In Black and White: A Young Barrister’s Story of Race and Class in a Broken Justice System


Alexandra Wilson


£16.99, Endeavour



Alexandra Wilson’s book is a personal account of her journey as an aspiring barrister and the many challenges she experienced along the way as a mixed-race woman.

Her experiences are a powerful reminder of how much has changed within the legal profession and of how much has remained the same. Her description of the criminal justice system and the legal profession is told through her experiences as a fledgling barrister and through some fascinating cases that she participated in. The book explores serious issues of racism, sexism and class which continue to blight the legal system.

Wilson’s journey as a barrister was inspired by the tragic death of a loved one to knife crime. This seismic event would drive her forward when at times her experiences within the profession proved challenging, as did the negative reaction of some family members when she announced her intention to become a barrister. The book is uncompromising in its analysis of the issues plaguing the justice system. Wilson discusses the perennial problem of underfunding and the increasing number of litigants who are left unrepresented as a result. She also draws attention to the disturbing plight of young offenders, some of whom were most unfortunate to have found themselves prosecuted rather than diverted from the criminal justice system.

The book discusses one of the key issues of our time, namely the need for greater diversity and inclusion within the justice system and in other areas of our society. Wilson gives the example of black clients who felt reassured by her representing them in a system that appeared alienating and intimidating.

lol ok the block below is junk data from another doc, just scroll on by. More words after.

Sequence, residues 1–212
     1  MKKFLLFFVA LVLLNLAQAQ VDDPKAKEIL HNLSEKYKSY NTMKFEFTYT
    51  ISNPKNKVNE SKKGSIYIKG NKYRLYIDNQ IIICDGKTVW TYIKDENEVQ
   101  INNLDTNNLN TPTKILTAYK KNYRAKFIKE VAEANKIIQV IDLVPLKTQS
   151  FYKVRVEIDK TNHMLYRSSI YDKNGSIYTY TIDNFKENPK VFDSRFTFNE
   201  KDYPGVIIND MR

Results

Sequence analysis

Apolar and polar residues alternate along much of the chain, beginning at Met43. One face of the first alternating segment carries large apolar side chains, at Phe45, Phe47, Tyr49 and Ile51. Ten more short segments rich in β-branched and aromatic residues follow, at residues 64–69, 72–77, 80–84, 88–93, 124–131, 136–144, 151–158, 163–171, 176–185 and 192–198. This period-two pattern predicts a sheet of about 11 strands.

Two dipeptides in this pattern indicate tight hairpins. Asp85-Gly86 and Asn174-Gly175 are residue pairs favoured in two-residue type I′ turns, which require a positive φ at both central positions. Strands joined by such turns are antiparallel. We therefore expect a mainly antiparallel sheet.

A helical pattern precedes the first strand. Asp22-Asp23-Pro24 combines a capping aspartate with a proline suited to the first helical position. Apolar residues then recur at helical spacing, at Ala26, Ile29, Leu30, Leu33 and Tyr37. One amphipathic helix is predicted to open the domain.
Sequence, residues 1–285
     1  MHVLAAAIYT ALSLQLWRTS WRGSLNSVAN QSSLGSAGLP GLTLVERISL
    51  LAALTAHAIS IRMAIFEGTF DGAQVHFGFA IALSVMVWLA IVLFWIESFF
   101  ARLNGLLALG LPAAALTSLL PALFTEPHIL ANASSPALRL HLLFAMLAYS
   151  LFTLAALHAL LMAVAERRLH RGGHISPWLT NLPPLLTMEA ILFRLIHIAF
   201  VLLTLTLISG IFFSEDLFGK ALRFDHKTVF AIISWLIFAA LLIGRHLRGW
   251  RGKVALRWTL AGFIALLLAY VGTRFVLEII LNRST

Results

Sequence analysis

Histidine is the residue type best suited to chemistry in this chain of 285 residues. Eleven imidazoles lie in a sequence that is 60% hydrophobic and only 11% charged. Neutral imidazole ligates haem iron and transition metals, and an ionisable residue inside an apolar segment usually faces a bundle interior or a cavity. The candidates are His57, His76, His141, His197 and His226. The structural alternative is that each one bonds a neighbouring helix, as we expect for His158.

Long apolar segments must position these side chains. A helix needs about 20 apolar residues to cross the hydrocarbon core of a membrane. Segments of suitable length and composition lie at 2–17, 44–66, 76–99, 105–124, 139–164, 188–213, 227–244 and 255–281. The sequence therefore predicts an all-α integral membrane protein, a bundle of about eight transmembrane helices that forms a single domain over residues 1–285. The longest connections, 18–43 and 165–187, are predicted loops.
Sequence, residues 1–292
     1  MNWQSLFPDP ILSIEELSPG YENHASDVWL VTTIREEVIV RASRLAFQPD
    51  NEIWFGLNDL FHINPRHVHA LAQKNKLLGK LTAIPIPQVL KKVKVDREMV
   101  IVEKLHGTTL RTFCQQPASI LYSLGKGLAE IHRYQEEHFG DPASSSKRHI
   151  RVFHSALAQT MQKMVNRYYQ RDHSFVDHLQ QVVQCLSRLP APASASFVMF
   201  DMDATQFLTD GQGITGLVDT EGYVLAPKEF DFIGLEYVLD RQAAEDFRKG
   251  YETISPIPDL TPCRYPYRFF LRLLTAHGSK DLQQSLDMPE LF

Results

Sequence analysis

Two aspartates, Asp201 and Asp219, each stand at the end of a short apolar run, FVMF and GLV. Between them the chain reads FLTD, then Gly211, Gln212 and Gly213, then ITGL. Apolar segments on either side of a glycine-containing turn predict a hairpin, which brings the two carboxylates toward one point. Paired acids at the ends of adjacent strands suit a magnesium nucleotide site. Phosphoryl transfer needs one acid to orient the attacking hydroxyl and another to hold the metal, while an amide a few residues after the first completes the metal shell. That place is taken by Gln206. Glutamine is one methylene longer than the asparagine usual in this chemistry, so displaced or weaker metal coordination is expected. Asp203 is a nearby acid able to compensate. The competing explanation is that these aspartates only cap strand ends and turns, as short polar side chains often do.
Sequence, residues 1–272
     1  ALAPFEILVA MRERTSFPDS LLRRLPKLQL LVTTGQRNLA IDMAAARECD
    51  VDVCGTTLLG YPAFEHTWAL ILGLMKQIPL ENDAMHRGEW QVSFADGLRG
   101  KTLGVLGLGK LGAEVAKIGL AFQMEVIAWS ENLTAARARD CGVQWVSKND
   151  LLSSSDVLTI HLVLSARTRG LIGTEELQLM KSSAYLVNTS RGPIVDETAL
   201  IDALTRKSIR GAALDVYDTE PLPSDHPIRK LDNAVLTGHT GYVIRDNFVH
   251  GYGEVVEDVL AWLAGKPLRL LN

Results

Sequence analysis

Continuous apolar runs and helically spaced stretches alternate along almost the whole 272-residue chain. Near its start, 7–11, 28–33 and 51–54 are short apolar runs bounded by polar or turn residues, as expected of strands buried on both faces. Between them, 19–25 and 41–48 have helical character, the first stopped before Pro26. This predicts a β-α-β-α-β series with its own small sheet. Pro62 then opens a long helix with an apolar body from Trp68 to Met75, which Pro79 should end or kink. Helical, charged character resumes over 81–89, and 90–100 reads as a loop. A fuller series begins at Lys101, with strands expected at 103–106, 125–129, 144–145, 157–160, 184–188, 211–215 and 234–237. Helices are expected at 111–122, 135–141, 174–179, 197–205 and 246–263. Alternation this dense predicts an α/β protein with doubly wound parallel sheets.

The book provides the non-lawyer with a helpful explanation of some of the rules, principles and customs that underpin the legal profession, including some of the more unusual ones.

It is also a must-read for anyone considering a career as a barrister, not least because it illustrates how much work and dedication is required to succeed. Alexandra’s trials and tribulations as a pupil barrister are at times disturbing and at the same time hilarious. She gives an example of working so diligently in chambers late one evening that she found herself alone with no key and no means of exiting the building, an experience many practitioners have endured!

At the heart of this book is the sense that the legal system is still failing to meet the need for fairness, inclusion and diversity. In fact, since writing her book, the author has been the victim of racial prejudice at a magistrates’ court which was widely publicised. A sign, no doubt, of how far the system still has to go in overcoming prejudice and racism.


Alistair Fell is a barrister at Red Lion Chambers